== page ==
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GCC ARM32 32F417 how to call or jump to a specific address?

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What arguments does a
int main(void)
have, and how do I set them up in assembler?

--- Quote --- Place the vector table directly at the 0x08008000 address and jump there as a normal bootloader would.
--- End quote ---

Yes; that would address the code removal because main() will have something pointing to it, which normally happens in a ST arm32 environment. Thanks.


--- Quote from: peter-h on June 14, 2022, 07:12:49 am ---What arguments does a
int main(void)
have, and how do I set them up in assembler?

--- End quote ---
None. That's why I said it must be a (void) function. You don't need to do anything extra.

OK, thanks. This all works now.

I actually did it a bit differently. This is the vector table in the "overlay". It is a copy of the standard table.

The _estack word should be redundant since SP is already set to top of RAM from the boot block, but putting 0 in there bombs it all, and I found it is required because the RTOS directly fetches that value for its internal use :)

The reset_handler is indeed redundant and I can't see it being used because a reset also clears VTOR, so the table in the boot block gets used instead, which is as intended.

If one did this scheme where the vector table, instead of main(), is at the base of the overlay, one would have to enter the overlay by faking a hardware reset (but without changing VTOR - how?) to produce a jump to the 2nd vector and that would say

 .word main

Or one would read out the 2nd vector value with code, and jmp to that, which doesn't actually get you anything.

I eliminated the code disappearance with

so there is a permanent (if unused) reference to main() which is non-removable because it is in an asm file.

The reason what I am doing seems weird is partly because I am not fully familiar with the arm32 environment (who is, at ~10k pages?) and partly because I am juggling multiple objectives which I have not posted here, partly for brevity and partly because I don't want to tell you all what I am developing ;)

The reason why the various "keep" directives (in the C source and in the linkfile) seem to do nothing, remains unsolved. But I am not surprised; most websites that list compiler and linker directives are duff because there are so many versions. One can spend literally days on that.

SP is not redundant, If the code is compiled in the outside project, the project may want to place SP in a different place.

Same with the reset handler. The secondary project will need to initialize its own memory. You are thinking about your embedded project. But this will not work with the standalone project at all.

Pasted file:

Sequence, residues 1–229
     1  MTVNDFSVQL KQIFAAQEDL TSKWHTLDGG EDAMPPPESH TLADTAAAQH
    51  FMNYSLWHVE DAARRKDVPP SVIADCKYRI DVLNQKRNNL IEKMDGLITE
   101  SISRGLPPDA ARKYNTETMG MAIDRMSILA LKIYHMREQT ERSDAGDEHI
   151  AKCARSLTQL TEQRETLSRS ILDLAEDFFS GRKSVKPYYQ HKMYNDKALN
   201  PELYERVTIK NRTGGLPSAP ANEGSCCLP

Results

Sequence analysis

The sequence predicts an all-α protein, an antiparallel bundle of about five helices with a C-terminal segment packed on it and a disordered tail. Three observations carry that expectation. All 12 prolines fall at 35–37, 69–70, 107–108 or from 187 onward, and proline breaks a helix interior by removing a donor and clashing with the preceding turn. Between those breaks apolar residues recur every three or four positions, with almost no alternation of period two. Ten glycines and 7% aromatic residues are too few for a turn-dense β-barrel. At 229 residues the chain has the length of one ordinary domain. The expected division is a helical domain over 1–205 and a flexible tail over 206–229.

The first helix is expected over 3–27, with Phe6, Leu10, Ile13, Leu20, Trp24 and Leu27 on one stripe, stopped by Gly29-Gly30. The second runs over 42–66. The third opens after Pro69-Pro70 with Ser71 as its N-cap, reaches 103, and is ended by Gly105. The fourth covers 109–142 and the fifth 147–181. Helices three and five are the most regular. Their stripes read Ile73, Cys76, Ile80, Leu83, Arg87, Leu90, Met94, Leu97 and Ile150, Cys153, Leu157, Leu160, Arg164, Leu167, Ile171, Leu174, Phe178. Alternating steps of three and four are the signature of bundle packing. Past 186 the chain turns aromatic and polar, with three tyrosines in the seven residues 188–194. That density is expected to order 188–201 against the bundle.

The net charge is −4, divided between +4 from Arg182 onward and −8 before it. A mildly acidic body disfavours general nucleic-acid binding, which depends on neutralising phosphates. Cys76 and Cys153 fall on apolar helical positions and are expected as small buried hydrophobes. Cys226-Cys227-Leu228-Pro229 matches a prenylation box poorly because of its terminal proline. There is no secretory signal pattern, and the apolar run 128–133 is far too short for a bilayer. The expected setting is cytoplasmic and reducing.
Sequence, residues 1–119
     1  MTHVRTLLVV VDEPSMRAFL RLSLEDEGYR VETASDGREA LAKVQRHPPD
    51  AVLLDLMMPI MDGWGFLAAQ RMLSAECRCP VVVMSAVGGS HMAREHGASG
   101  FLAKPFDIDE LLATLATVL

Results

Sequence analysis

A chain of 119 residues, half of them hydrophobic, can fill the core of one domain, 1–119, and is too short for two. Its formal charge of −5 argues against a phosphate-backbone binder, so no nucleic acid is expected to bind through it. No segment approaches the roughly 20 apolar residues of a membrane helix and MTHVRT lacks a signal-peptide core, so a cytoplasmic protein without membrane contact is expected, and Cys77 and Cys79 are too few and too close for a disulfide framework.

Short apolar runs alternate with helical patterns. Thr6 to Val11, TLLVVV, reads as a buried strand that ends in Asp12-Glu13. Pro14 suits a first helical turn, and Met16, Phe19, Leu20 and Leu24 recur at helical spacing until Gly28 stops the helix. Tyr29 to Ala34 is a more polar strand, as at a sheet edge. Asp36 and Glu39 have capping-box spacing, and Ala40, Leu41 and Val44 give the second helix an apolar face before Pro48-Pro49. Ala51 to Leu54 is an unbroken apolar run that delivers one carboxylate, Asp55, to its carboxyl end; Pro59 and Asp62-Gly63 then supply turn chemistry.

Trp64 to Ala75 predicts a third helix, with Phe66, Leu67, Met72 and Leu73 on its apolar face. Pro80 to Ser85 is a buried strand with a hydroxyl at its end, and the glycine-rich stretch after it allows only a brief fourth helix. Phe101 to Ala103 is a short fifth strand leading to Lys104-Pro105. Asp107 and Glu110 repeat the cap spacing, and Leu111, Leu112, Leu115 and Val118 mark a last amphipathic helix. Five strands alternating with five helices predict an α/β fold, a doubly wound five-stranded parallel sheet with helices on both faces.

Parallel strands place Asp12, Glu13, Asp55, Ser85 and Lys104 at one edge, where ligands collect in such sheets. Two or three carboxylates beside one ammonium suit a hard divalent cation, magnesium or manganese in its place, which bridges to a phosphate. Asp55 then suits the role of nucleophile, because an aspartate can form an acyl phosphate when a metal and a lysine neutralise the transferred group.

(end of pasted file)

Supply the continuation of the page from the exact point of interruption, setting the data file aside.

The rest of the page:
Right now it all works because reset handler of your main project loads the data for the initialized variables from the second part. But as soon as you replace the second part, none of this data would be valid.

Do not deviate from standard stuff. You are just going to miss something like this. You need to have both values.

And it is much better to develop systems like this with the outside project first and then implement embedded projects. You will immediately see all the issues I'm describing.

Not quite, but I can see I didn't describe it fully.

The boot block always gets entered after a reset. There is no way for a 32F4 to do otherwise, because VTOR is set to zero.

The boot block is standalone; it doesn't call anything outside and nothing outside of it calls it. There is no variable sharing either. No data is passed between the two (except via data in a serial FLASH).

When control is passed to the "overlay" the SP is set to top of the RAM. C doesn't move the SP. That stack is also used for interrupts. FreeRTOS sets up its own task stacks in a chunk of RAM you give it and it does its own SP switching there.

The "overlay" never runs standalone. The boot block always runs first, and initialises most of the hardware.

This separation was done to enable later replacement of the "overlay".

I've designed other products like this. In one of them, the "overlay" can call functions in the boot block (due to memory limits, the boot block contained bulky functions like float maths) but to prevent obvious address problems across code versions, the boot block has a function address table in a fixed location and calls go via that. On this product there is no such function sharing.

I had some fun and games e.g. there was a data copy loop in the boot block which the compiler detected could be replaced with a memcpy() but memcpy is in a huge code library which wasn't in the boot block. There is probably a way to check for this by doing sed/grep on the symbol table. So that function is compiled with a -O0 attribute.

In a scenario where I know the overlay will never be replaced, I would build the project as a single project, but the above mentioned separation can be maintained even though it is not needed.

One reason for the boot block is to prevent a corrupted (or buggy) overlay from bricking the device. A "standard factory overlay" will always be available in a serial FLASH from where it can be restored.


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